Class Matters Workshops

Download this brochure for more information on Class Matters workshops.

If you're interested in hosting a workshop, please click here for a brochure, or contact me about booking an event.

Order Class Matters

Class Matters book cover

Order Class Matters: Cross-Class Alliance Building for Middle-Class Activists by Betsy Leondar-Wright (New Society Publishers, 2005).

Press Coverage of CM

Classist Comments

What's the most classist thing you ever heard someone say?

(I'm not talking about someone like Bill O'Reilly or your right-wing uncle. More specifically, what's the most classist thing you ever heard a liberal or progressive person say?)

Read five interviewees' answers — and my own.

Class and Other Identities

How do you experience class differently because of your race, ethnic group, religion, gender, age, or other identity? What class dynamics do you notice within your identity groups?

Here's how a few visitors answered those questions:

And answers from the Class Matters book:

Tips from Working-Class Activists

Hang In

Low-income folks believe that middle-class folks won't stick around. When the going gets tough, they'll leave. It's a vicious cycle: it happens so much that there's no trust, so middle-class people wonder why they should stick around if they're not trusted. The key is to stick with it even if pushed away. You'll be tested. Like when [civil rights pioneer] Septima Clark sent me as a white person to a black church meeting, and I came back saying they didn't want me there. She asked "What did you expect? Now, next time you go..." She kept sending me back to that group until I had built trust.

I really value middle-class activists when they're willing to stick it through hard times — and I say that coming out of an area where doing this work meant Klan harassment and threats.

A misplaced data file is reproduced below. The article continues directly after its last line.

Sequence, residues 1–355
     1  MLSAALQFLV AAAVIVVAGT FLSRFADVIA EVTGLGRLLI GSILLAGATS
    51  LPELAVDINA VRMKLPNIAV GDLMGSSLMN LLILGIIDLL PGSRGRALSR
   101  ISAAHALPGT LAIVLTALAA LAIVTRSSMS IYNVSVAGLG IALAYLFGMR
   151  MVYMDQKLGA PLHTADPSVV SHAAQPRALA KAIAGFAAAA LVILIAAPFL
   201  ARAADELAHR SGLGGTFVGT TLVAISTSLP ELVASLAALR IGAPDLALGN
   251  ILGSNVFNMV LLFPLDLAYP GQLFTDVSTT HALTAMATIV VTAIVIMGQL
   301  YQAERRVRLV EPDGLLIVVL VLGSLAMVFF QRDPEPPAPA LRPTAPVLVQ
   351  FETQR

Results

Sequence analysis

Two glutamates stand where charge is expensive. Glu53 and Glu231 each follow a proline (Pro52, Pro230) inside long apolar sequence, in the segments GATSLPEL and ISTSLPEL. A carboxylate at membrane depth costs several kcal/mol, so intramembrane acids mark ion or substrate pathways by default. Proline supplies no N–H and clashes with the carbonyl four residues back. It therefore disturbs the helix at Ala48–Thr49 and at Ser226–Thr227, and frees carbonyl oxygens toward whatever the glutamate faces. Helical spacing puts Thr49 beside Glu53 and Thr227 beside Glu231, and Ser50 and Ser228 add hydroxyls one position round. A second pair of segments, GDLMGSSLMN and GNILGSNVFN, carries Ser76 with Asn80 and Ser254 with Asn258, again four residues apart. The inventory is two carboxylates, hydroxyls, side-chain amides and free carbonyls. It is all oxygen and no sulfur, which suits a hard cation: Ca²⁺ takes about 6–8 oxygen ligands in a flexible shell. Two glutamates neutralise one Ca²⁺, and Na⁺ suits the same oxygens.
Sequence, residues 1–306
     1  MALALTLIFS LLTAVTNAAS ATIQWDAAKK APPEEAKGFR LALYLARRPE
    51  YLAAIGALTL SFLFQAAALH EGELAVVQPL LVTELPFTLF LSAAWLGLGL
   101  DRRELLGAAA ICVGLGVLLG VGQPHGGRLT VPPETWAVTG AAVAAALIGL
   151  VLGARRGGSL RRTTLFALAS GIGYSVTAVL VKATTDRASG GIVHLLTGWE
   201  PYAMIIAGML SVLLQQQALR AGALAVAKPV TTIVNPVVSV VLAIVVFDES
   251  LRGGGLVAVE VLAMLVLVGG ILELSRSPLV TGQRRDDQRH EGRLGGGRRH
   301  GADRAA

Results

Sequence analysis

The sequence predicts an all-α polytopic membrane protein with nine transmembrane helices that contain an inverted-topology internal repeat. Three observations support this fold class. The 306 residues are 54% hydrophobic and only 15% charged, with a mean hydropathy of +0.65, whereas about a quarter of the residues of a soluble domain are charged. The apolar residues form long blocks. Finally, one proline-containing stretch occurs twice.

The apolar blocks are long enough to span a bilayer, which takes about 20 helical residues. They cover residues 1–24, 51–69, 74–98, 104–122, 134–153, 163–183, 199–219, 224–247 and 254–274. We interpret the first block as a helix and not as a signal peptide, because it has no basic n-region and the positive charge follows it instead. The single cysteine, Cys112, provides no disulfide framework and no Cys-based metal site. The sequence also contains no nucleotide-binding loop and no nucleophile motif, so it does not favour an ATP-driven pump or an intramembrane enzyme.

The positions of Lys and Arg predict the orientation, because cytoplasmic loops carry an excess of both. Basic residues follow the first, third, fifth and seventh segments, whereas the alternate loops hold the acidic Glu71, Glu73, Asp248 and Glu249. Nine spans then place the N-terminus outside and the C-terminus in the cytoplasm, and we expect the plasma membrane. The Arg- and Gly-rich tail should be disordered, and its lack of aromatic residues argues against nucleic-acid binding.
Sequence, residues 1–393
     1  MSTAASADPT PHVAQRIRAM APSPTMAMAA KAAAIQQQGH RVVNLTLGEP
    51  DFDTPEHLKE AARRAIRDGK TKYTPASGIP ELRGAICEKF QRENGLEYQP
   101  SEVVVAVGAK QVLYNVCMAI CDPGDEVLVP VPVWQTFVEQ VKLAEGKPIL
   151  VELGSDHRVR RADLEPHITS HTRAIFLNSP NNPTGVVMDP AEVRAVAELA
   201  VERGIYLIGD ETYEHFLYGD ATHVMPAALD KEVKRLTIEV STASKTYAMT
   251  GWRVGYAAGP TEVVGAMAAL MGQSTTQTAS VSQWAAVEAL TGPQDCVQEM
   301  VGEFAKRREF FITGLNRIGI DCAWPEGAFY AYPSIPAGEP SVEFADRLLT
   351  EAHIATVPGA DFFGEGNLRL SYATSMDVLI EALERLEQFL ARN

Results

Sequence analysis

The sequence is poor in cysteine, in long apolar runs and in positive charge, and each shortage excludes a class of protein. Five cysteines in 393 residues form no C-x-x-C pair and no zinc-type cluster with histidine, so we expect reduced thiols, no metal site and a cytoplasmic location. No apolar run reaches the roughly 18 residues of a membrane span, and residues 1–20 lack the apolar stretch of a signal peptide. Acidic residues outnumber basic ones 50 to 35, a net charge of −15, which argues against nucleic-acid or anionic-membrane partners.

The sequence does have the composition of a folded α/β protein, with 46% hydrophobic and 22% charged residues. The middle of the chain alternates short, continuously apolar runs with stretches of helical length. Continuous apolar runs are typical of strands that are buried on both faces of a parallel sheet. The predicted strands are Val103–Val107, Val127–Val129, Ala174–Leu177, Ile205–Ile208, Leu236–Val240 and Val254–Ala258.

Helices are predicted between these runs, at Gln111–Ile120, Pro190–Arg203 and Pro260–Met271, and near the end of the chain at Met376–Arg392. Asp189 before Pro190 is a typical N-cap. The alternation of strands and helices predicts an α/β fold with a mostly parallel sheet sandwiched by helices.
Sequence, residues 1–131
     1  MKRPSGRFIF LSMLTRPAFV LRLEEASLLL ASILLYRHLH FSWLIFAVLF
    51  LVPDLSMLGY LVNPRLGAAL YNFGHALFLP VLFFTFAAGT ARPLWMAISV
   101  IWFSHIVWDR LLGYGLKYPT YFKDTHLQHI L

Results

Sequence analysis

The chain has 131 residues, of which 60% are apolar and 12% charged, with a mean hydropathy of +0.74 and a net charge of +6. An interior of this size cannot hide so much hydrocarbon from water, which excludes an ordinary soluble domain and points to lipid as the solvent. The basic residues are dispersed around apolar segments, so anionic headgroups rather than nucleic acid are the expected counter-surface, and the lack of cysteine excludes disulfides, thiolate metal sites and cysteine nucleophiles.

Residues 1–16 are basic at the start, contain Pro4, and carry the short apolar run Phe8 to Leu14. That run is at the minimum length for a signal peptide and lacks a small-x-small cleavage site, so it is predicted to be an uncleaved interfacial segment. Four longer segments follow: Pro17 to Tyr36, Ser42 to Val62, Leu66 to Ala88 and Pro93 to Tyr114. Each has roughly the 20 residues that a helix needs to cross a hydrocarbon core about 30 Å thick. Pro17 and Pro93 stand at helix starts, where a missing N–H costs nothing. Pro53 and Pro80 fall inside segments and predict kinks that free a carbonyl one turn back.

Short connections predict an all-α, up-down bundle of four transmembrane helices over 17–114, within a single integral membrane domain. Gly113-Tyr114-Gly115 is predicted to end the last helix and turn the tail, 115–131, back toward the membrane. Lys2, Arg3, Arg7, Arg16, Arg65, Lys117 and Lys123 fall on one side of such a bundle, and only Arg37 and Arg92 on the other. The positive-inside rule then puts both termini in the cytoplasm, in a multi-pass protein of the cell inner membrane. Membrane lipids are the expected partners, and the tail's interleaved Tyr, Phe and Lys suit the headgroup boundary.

— Linda Stout

Latino middle-class activists drive me crazy when they wimp out. When they engage only if it's convenient and fits into their schedule, and then if it gets uncomfortable, they withdraw. During the Vieques struggle, I saw some folks who have relative comfort and status, who are very committed in their hearts, but who said, "I'm really burned out here, I know you're struggling but see you later." We all need vacations, but some withdrew on a long-term basis. I respect someone's need for sanity and well-being in their lives, but they have the privilege to be able to take a break. They don't have to deal with the issues.

— Raúl Quiñones Rosado

I organized a classism course with an owning-class woman, and she did a good job at hanging in with me. When I got angry, she'd try to understand and not get mad back. I asked her, "What are you doing here? Why aren't you walking away?" She said, "I'm committed to supporting you." She listened to me, asked about my life.

But sometimes she fell through, like dropping a conference workshop we were planning, leaving all the work to me, because "I'm feeling overwhelmed and can't handle it." I think she was oblivious to what really being overwhelmed is like.

— Rachel Rybaczuk